Another reel that should be thrown in with the names above are the Bauer reels, they have some of the smoothest drags I have used. Some don't like the star wheel adjustment being on same side as the handle, but to me that is minor and only on some of their reels. The M's and MSL's and MZ's have very smooth drags.
And the Bauer Rogues have rear drag adjustment like most Fly reels. I rep Bauer, and I'll say this much John will not compromise in the quality department, no Rulon, only stainless bearings, and all machined deep anodized components. They are well engineered reels, and while they aren't large aspect ratio reels, they aren't wide spools. John made some of the earliest high end large arbor reels. By todays standards they are probably a mid-arbor, but they were radical at the time.
---------- Post added at 10:02 AM ---------- Previous post was at 09:58 AM ----------
Originally Posted by royalcoach
Well ..... I got my Speedster 2 today,,, what a beautiful little machine.
It will go on my 5wt Z-Axis.
Its all S&S's fault ... you talked me out of a Litespeed ... for now anyways.
Also got a Galvan Rush 4 today as well... another sweet reel.
This one will see duty on my 4wt Sage SLT.
Still shopping for a 3wt reel..... thinking Galvan Brookie or Torque ... or maybe the Nautilus FWX.
My Cortland Pro Cast mid-arbors and Okumas will be saved as back-ups or give-aways I guess.
My last big purchase of the winter looks to be a 490-4 Sage One
Gonna be eating ramen noodles and peanut butter sammiches for awhile....
Gonna have to cut back on the Woodfords too
Cortland has made a few good reels in it's history. The Current/Sterling were a great mid-priced ($150) large arbor machined reel. I sold hundreds of those and never had a return. The Retro reels were a great value in C & P, and the old magnum was a great entry level SW reel. But the Pro Cast was strictly a combo grade entry level reel, you're wise to step up on your Sages.
I own 8 Lamson reels including 3 LPs, 2 Radius, 3 Velocity from size 2 to size 4. I also own about 12 other reels. Pfluegers from the late 70's all the way through the latest high end reels. Anything less then about 15" trout is brought by hand (not on the reel) so to my way of thinking this discussion is not even interesting until you get into the size 6wt type reels. I've caught a million (slight exaggeration) kings, cohos and steelhead with Lamson reels and never had an issue with how the line winds on. Single hand and two hand. Seems to me that there are reasons to be suspicious of Lamson reels but how the line winds on is not one of them. I love the Lamson reels when saltwater striper fishing due to their light weight and good drag. When you spend 5 or 6 hours casting 50, 60 , 70' casts the weight starts to matter.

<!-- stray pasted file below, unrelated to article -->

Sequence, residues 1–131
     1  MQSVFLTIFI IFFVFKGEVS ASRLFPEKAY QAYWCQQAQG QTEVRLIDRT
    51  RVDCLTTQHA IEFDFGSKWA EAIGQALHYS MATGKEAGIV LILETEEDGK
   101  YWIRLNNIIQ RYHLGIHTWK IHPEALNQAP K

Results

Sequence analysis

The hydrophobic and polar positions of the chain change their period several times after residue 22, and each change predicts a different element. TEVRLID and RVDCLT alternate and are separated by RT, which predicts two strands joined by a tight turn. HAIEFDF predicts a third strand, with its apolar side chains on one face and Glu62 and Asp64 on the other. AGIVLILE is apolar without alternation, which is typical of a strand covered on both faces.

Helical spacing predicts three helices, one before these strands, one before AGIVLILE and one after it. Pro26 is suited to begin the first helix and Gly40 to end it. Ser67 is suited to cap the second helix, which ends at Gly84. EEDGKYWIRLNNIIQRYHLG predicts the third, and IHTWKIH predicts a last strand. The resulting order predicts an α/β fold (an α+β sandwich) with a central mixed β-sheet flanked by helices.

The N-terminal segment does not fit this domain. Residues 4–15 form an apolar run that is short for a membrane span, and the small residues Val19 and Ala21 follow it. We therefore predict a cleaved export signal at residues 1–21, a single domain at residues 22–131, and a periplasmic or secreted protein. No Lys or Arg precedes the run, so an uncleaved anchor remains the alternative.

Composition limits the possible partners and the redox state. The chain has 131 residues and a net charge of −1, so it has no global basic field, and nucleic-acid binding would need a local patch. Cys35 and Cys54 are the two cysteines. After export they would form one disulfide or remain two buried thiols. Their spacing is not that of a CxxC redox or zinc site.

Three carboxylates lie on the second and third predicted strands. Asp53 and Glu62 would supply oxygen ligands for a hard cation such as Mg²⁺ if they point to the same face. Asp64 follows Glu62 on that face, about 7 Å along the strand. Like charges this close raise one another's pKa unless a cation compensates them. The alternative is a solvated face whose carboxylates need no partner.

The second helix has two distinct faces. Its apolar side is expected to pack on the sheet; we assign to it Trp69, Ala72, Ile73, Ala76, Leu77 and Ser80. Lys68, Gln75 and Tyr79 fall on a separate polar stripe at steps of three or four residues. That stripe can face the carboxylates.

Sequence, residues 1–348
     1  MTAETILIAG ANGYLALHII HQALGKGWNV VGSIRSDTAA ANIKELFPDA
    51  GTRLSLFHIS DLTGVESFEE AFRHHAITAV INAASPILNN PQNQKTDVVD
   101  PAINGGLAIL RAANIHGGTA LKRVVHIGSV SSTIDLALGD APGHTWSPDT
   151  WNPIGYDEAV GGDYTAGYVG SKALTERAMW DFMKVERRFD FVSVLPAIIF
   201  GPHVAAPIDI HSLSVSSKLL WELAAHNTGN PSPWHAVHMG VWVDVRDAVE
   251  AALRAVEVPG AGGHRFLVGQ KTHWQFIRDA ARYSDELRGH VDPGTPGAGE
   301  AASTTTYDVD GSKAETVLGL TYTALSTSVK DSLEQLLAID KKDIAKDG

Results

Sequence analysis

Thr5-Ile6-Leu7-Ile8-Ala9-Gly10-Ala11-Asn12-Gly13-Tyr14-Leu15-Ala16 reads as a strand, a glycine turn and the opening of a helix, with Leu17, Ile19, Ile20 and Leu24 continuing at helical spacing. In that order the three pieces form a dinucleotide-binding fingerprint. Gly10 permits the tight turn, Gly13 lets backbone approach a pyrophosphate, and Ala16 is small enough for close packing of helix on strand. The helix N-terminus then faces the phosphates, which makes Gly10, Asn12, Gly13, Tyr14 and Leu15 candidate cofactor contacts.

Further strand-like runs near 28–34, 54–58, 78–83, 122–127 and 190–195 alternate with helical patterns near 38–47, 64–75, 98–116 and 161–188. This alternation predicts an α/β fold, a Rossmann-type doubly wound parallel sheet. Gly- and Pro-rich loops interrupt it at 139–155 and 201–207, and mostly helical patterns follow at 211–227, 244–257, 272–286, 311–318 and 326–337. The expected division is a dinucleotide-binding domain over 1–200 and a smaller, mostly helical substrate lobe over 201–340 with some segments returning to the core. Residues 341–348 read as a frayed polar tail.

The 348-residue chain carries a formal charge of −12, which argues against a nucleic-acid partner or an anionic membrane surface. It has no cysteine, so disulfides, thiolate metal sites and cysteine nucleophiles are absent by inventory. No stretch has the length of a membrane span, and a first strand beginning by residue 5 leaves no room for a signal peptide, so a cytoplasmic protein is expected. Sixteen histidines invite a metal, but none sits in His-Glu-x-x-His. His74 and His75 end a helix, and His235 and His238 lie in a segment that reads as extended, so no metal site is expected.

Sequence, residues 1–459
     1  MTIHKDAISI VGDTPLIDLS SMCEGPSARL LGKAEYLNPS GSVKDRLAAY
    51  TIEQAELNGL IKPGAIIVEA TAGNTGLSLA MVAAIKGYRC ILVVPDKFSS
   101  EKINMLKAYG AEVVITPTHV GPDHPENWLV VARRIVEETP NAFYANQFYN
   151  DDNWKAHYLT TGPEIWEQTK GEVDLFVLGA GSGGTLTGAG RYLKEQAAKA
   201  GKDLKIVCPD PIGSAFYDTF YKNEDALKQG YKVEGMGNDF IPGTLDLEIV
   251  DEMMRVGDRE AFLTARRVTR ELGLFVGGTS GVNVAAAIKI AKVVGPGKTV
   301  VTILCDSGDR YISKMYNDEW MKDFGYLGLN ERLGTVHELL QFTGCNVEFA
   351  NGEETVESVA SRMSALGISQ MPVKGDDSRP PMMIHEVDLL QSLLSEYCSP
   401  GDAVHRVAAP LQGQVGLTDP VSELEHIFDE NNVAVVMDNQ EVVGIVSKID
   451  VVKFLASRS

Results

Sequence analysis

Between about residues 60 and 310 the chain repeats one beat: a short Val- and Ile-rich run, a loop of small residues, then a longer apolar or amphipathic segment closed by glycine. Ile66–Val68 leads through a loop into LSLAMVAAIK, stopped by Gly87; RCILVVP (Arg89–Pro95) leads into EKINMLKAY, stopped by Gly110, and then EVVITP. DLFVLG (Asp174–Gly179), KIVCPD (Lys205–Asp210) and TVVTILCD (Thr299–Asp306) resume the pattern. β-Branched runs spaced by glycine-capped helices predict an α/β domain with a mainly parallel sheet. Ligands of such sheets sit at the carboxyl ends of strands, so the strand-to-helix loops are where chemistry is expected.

Unless you are fishing for BF tuna or sharks or Marlin (and such) any of the reels mentioned in the previous posts work. Pick the one you like and enjoy it. That makes more sense to me then trying to convince someone that their reel sucks.
I just bought a Litespeed Hard Allox II, size 3. I am aware of the problems with barreling as I own some other Lamson reels. Given how light they are, I've begun buying a size up from the rod size I use it for. The little bit of extra weight helps to better balance the rod. I come from the camp that believes fly reels have gotten too light in many cases. The size 3 I just bought will go on a 5wt rod. This means there is extra space on the spool and fixes all problems. Given that I caught it on close out new for only $165.00, I'm pretty darn happy!
I wonder if the redesigned spool on the Litespeed Series IV might help eliminate the line tumbling problem a few people seem to have.
The backing is now channeled into the curved arbor which seems like it might help.
The Hard Alox (Type III) anodizing process Lamson uses is tougher than any finish on any reel that I'm aware of. The only reels I'm aware of to use Type III were Charlton Reels. I can attest to the durability of Type III. My first Litespeeds had easily marred finishes so the move to Type III is genius. Most reels not painted have a Type II , or decorative anodizing which takes color more readily but is thinner and less durable. Type II is generally less than .001" thick where the Type III can be up to .003" thick with half of that being into the aluminum itself.